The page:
As new technologies are evolving, the importance of large data storage is growing. The storage requirements of applications are also on an upward trend because the requirement to represent real life situations in databases has resulted in the need for Large object data types.

Multimedia entities like images, video, and audio clips were rarely used outside of specialty software. Today, many Web-based applications require their databases to manage such data. Other software's need to store bulk data concerned with routine diagrams, maps, or business models. In order to cater these needs, Daffodil DB supports the concept of large object data types. The large object data types are

* Character Large Objects (CLOB): A character string comprising of single-byte characters with an allied code page. This data type is best suited for storing text-oriented information where the size of data could grow beyond the limits of a regular VARCHAR data type.

* Binary Large Objects (BLOB): A BLOB is a binary large object that can hold a variable amount of data. This data type may be the most useful because it can store binary data, making it a perfect source type for use by User-defined Distinct Types. Blob columns can be used to store image, voice, graphical, and other types of business or application specific data.

An external location in the database stores all large object values outside their records in the table. There is a large object descriptor for each large object in each row of a table. The large object descriptor contains control information used to access the large object data stored elsewhere on disk. It is the storing of large object data outside their records that allows large objects to store up to 2 GB in size. Accessing the large object descriptor causes a small amount of overhead when manipulating large objects.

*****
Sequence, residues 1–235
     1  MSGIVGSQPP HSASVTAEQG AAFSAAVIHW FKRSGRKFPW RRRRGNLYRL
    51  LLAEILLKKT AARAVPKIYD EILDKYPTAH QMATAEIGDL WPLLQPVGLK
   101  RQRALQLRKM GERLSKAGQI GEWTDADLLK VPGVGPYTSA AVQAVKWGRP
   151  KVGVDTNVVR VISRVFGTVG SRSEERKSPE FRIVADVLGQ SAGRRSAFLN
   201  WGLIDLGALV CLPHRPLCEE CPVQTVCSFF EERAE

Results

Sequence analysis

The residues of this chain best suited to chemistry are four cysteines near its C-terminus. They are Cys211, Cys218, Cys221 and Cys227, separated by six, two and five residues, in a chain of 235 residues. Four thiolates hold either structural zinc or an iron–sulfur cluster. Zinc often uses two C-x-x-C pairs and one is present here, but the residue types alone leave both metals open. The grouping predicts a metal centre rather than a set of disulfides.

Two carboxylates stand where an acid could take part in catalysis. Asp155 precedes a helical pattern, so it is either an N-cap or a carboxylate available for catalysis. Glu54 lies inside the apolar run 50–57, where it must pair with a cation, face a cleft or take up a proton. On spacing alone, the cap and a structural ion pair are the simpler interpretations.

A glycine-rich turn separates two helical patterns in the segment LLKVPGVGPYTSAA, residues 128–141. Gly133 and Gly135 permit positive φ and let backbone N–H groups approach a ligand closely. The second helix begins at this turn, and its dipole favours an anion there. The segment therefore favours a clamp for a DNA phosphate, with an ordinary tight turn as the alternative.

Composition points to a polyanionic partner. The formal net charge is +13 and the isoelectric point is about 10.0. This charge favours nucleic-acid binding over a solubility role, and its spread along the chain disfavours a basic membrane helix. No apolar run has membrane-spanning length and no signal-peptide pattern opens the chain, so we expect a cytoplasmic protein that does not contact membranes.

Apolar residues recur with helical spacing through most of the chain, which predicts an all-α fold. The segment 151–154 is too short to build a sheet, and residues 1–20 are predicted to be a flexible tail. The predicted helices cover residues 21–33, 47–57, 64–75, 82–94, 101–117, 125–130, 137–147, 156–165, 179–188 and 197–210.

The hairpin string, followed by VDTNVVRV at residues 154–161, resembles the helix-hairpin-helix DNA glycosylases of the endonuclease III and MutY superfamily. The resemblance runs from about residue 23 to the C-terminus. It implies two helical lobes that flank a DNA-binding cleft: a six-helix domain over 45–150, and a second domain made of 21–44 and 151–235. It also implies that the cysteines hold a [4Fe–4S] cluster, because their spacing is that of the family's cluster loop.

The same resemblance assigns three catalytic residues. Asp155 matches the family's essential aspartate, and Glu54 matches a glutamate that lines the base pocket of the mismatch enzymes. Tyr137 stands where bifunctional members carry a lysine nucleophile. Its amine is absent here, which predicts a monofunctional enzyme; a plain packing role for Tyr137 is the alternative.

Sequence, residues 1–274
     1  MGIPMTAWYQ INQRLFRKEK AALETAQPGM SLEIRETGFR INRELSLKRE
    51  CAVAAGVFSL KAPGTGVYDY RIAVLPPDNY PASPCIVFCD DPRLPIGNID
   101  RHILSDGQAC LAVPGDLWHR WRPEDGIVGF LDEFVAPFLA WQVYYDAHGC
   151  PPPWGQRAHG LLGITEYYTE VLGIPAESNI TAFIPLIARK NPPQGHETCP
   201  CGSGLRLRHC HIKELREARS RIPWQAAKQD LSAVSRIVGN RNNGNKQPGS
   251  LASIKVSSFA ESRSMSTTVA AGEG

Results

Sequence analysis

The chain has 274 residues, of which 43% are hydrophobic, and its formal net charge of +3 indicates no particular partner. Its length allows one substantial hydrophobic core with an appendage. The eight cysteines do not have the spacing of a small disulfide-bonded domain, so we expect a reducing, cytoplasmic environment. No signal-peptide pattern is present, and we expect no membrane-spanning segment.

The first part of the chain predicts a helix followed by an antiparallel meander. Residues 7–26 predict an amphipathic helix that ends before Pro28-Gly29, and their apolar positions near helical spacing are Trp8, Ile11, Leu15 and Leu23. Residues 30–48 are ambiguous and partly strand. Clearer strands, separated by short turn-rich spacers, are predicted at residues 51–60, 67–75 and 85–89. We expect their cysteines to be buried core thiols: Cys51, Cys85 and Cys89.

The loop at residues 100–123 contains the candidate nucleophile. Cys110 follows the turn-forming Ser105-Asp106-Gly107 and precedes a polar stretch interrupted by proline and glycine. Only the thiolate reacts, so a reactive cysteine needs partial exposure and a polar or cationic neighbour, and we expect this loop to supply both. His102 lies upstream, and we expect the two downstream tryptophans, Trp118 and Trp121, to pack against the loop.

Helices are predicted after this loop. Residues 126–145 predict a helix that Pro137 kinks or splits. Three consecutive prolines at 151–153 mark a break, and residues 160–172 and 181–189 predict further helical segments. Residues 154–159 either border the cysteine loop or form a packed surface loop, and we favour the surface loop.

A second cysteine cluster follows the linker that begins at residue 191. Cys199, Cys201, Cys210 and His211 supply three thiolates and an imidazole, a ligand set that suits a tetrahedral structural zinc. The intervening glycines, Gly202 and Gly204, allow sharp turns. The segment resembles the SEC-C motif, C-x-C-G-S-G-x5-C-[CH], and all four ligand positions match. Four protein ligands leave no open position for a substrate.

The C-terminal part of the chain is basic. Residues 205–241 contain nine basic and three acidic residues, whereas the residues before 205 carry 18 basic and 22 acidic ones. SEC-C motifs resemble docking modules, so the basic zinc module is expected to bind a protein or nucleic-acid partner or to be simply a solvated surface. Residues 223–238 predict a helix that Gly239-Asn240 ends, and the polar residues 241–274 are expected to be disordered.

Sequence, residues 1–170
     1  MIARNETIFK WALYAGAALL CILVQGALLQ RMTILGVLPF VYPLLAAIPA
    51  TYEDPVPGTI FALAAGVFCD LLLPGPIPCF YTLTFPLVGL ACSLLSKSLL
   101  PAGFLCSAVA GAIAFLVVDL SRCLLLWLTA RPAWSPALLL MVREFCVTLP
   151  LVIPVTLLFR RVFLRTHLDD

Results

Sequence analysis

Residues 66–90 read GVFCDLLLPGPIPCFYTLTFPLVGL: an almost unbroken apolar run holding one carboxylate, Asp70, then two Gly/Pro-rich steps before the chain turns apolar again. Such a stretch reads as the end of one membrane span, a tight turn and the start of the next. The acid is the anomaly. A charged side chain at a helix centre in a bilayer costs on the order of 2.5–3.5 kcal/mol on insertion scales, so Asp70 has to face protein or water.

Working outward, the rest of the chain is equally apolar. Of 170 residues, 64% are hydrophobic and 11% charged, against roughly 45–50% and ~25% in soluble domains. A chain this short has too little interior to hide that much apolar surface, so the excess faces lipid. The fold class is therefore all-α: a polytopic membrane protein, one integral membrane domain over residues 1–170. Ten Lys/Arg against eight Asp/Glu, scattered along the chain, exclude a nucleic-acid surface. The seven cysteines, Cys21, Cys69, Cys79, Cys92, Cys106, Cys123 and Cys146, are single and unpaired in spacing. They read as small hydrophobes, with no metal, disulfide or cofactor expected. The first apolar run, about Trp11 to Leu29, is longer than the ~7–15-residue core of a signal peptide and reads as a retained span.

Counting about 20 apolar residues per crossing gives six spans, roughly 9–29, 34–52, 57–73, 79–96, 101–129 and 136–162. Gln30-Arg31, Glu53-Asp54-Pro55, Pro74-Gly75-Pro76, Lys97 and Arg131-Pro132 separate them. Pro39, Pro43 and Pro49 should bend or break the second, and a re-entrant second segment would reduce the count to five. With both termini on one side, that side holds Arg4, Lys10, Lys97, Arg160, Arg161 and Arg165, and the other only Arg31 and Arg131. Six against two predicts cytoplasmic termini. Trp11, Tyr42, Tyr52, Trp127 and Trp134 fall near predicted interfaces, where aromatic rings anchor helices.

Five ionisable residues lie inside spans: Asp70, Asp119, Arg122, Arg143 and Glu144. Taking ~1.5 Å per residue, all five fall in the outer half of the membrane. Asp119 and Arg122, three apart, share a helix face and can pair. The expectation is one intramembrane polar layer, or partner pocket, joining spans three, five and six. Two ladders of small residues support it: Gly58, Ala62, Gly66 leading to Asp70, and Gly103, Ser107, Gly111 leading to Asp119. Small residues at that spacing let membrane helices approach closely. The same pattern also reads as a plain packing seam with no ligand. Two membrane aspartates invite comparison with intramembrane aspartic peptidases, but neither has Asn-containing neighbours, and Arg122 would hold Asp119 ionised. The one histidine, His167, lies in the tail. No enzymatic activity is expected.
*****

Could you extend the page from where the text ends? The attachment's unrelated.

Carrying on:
The maximum size for each large object column is part of the declaration of the large object type in the CREATE TABLE statement. The maximum size of a large object column determines the maximum size of any large object descriptor in that column. As a result, it also determines how many columns of all data types can fit in a single row.

We have included a comprehensive example on clob usage. For more information, refer to sample. Java file. This file can be downloaded with

The sample code snippets illustrate the usage of object data types in Daffodil DB. These code snippets can be used directly with Daffodil DB sample databases

Sample Code for making a table having a clob column

Statement stt = con.createStatement();
String createTable = "create table clobTable( columnOne clob)";

Code for inserting a file into a clob column

InputStream tempStream = getClass().getResourceAsStream("DaffodilDBReadMe.t xt");
InputStreamReader reader = new InputStreamReader(tempStream);
PreparedStatement ps = con.prepareStatement(
"insert into clobTable values(?)");
for (int i = 0; i < 1; i++) {
ps.setCharacterStream(1, reader, tempStream.available());
// ps.setAsciiStream(1, tempStream, tempStream.available());

Code for retrieving data from a clob column

ResultSet rs = stt.executeQuery("select * from clobTable");
while ( {
for (int i = 1; i <= rs.getMetaData().getColumnCount(); i++) {
Clob clob = rs.getClob(i);
Reader read = clob.getCharacterStream();
String text = null;
if (read != null) {
CharArrayWriter writer = new CharArrayWriter();
char[] buf = new char[1024];
int count =, 0, buf.length);
while (count > 0) {
writer.write(buf, 0, count );
count =, 0, buf.length);
text = new String(writer.toCharArray());
else {
System.out.println("Stream is null");
return ;

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